What’s worrisome, the  Clear the Air for Children 2016 publication by the United Nations International Children’s Emergency Fund (UNICEF) finds that air pollution “reduces the improvement in cognitive development among school children” and can lead to “lower attendance rates in school” as well as “lower academic achievement rates” (p.30). According to UNICEF executive director Anthony Lake, “pollutants don’t only harm children’s developing lungs (making them more vulnerable to asthma and bronchitis, for example) – they can actually cross the blood-brain barrier and permanently damage their developing brains – and, thus, their futures”. In UNICEF’s report, three key sources have been introduced that are worthwhile mentioning here :


  • The European Commission’s 2015 study report which finds that green spaces are linked to improved cognitive development in schoolchildren because of lower traffic-related emission levels. (According to Politico, Belgium is unfortunately said to be among 12 countries breaching EU air quality standards on nitrogen dioxide.)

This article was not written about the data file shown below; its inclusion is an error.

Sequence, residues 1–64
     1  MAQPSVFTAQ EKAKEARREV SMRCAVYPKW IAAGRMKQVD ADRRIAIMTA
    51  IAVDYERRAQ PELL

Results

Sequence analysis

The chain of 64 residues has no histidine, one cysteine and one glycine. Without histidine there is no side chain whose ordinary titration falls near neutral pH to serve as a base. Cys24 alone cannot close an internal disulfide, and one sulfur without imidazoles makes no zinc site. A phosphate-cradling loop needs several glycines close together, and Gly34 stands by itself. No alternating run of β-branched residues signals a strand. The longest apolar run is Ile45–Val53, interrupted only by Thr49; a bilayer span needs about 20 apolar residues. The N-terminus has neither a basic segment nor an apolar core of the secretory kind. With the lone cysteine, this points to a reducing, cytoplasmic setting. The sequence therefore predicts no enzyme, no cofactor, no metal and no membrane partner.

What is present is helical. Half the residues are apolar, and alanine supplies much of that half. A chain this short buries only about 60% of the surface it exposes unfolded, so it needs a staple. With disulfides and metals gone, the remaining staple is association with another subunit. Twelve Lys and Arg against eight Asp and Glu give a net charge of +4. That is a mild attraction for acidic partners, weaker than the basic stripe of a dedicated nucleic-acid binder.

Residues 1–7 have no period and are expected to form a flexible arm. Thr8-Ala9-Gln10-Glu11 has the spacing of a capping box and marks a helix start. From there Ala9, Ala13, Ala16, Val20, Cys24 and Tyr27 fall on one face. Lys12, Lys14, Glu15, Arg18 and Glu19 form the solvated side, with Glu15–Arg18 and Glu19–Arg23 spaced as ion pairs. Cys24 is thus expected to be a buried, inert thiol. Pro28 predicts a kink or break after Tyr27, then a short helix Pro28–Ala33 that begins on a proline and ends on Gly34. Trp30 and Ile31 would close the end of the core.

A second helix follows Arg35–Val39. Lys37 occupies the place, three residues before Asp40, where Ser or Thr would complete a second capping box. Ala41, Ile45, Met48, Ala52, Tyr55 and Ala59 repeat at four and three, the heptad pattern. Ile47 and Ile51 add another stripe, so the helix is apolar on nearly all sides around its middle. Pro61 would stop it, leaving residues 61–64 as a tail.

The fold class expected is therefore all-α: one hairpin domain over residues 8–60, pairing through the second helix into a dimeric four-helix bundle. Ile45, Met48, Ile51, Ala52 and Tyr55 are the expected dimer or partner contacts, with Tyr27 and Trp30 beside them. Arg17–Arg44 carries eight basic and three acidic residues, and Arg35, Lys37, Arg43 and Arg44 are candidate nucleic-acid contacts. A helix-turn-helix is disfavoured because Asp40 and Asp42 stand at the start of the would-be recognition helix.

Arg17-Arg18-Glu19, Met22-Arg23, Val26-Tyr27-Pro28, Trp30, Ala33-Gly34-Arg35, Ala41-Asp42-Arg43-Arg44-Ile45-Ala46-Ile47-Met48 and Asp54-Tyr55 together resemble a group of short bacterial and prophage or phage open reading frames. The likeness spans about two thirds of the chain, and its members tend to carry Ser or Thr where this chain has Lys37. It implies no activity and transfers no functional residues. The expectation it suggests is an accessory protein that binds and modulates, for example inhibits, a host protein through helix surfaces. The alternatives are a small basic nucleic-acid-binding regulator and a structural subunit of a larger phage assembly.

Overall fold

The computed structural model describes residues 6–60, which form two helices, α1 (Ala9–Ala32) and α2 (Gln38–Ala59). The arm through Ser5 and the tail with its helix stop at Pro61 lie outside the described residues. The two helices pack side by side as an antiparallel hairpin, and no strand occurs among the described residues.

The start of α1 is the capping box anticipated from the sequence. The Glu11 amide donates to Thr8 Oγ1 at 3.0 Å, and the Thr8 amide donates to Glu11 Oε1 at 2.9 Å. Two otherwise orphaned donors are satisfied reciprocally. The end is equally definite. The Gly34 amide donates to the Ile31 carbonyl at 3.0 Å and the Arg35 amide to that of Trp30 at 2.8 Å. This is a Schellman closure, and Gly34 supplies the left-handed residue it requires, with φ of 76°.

EU Capital's Particulate Pollution

Source of picture: https://www.politico.eu/article/eu-employees-rise-up-against-toxic-air-pollution-emissions-health-air-quality/


  • The American Psychological Association states that “Over the past decade, researchers have found that high levels of air pollution may damage children’s cognitive abilities, increase adults’ risk of cognitive decline and possibly even contribute to depression.”  (emphases added)


  • The Royal College of Physicians (UK)’s 2016 report explains that “Because the central nervous system is still developing rapidly after birth, children remain susceptible to harmful effects of air pollution on their neurodevelopment and long-term cognitive health. Several types of air pollution have been associated with harmful effects on neuro-cognitive development, (…) impair(ing the child’s) cognitive development and lower(ing its) IQ (…) Children exposed to high indoorNO² levels (…) have been shown to have poorer cognitive function and seem to be at increased risk of ADHD.”